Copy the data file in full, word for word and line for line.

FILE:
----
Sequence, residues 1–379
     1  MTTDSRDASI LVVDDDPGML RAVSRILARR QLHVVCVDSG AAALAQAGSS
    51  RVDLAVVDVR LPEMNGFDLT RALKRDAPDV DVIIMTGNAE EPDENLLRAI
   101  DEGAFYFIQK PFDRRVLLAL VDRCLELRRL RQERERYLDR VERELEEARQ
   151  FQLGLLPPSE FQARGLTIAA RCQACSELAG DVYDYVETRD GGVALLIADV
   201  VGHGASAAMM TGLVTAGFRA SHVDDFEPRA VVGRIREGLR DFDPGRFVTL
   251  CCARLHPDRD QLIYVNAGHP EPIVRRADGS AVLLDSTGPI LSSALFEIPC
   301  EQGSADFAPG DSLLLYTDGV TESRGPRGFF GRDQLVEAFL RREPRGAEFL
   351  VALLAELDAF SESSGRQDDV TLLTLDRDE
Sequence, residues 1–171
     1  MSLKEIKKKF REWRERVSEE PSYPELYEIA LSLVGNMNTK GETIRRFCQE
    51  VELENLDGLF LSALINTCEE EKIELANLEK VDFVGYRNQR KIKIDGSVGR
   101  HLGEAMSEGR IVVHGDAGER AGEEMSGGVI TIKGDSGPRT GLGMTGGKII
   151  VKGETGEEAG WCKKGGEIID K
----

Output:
Sequence, residues 1–379
     1  MTTDSRDASI LVVDDDPGML RAVSRILARR QLHVVCVDSG AAALAQAGSS
    51  RVDLAVVDVR LPEMNGFDLT RALKRDAPDV DVIIMTGNAE EPDENLLRAI
   101  DEGAFYFIQK PFDRRVLLAL VDRCLELRRL RQERERYLDR VERELEEARQ
   151  FQLGLLPPSE FQARGLTIAA RCQACSELAG DVYDYVETRD GGVALLIADV
   201  VGHGASAAMM TGLVTAGFRA SHVDDFEPRA VVGRIREGLR DFDPGRFVTL
   251  CCARLHPDRD QLIYVNAGHP EPIVRRADGS AVLLDSTGPI LSSALFEIPC
   301  EQGSADFAPG DSLLLYTDGV TESRGPRGFF GRDQLVEAFL RREPRGAEFL
   351  VALLAELDAF SESSGRQDDV TLLTLDRDE
Sequence, residues 1–171
     1  MSLKEIKKKF REWRERVSEE PSYPELYEIA LSLVGNMNTK GETIRRFCQE
    51  VELENLDGLF LSALINTCEE EKIELANLEK VDFVGYRNQR KIKIDGSVGR
   101  HLGEAMSEGR IVVHGDAGER AGEEMSGGVI TIKGDSGPRT GLGMTGGKII
   151  VKGETGEEAG WCKKGGEIID K